Different ATMPs are likely to face different evidence generation challenges. For some, clinical effectiveness evidence will necessarily come from small, single-arm, or single-centre early phase clinical trials. Populations with rare, severe or advanced disease may be very small, and therefore, adequate recruitment to larger scale clinical trials would take a lot of time at great expense. In addition, some ATMPs are being tested in a wide range of differing indications each with small numbers, and, for some, safety and efficacy evidence may read across from earlier approvals. For others, identifying an appropriate comparator may be difficult, particularly where no alternative treatments are available, or where alternative treatments are not available and treatment is for a life-threatening condition, and randomisation to a control group may be unethical [12, 27]. Reliance on evidence from single-arm trials or other observational evidence may, therefore, be required. Non-randomised evidence is generally less well received by HTA agencies due to the higher risk of bias and higher uncertainty surrounding effect estimate sizes [11]. However, marketing authorisations have already been granted to ATMPs without evidence from randomised controlled trials (e.g., chimeric antigen receptor T-cell therapy [CAR-T]), and for orphan drugs little difference has been observed in the approval rate based on the level of evidence presented [28].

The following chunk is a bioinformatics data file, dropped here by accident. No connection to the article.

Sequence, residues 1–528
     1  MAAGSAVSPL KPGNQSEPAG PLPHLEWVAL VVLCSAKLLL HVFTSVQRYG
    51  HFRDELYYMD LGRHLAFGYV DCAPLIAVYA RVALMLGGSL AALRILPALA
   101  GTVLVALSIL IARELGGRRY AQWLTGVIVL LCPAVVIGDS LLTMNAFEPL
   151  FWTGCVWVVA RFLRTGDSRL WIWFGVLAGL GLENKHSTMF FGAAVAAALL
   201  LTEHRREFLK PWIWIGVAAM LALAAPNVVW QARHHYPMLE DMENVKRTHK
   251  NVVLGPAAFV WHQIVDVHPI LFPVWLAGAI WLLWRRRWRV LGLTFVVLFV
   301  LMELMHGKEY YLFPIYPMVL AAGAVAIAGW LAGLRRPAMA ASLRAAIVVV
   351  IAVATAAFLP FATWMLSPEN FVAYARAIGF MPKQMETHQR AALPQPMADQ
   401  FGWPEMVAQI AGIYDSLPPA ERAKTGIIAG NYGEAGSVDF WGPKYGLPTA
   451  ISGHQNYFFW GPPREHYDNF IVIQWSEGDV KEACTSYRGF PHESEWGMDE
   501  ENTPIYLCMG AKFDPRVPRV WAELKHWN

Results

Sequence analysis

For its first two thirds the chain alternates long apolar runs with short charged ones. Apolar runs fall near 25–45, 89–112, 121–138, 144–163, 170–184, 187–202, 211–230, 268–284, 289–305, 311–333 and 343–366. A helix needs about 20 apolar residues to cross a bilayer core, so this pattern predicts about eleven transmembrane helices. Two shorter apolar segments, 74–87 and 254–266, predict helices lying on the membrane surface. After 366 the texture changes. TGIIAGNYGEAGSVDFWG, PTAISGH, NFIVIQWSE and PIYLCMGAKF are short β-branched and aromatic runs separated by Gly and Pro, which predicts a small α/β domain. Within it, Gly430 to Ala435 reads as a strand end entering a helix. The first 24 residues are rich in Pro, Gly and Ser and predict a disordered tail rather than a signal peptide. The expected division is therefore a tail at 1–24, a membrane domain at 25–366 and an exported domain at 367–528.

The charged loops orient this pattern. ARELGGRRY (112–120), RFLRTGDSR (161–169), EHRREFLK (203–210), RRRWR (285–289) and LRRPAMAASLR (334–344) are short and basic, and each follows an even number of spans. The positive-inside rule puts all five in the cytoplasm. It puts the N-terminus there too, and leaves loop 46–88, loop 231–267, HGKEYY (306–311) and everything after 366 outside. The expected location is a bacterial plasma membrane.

Trials evaluating ATMPs may also be more dependent on surrogate outcomes rather than clinical outcomes [29]. Surrogate endpoint data; e.g., progression-free survival, are quicker and easier to acquire than final clinical endpoint data; e.g., overall survival, enabling shorted trials and quicker regulatory review. However, there is often considerable uncertainty because they may not capture the combined benefit–risk profile of a technology and a surrogate may not translate to benefits for a clinical endpoint. It is also important to validate surrogate endpoints in both licensing and coverage or reimbursement decisions by establishing the level of evidence, assessing the strength of the association, and quantify the relationship between surrogate and final outcomes [30].

The implications of the problems associated with the availability of limited evidence will largely depend on both the level of unmet need in the studied population and the likeliness of cure or improvement without experimental treatment [11]. Marketing authorisations may be based on limited evidence of clinical effectiveness, requiring decision-makers to extrapolate benefits over the longer term.

Potential solutions

Several authors have observed the problems for HTA agencies for predicting long-term survival for ATMSs and pointed to the need for developing new methods that more accurately capture the value of new innovative drugs that might include treatment to cure for some fraction of the treated patients [31, 32]. For new treatment to cure innovations, the traditionally used parametric methods will underestimate survival, primarily when a plateau of long-term survival is observed, and therefore, give misleading estimates of life expectancy [33].Othus et al. propose a method where survival is measured separate for cured and non-cured patients [34]. Applying the method to ipilimumab, reduced the cost per QALY estimate to about a third [35].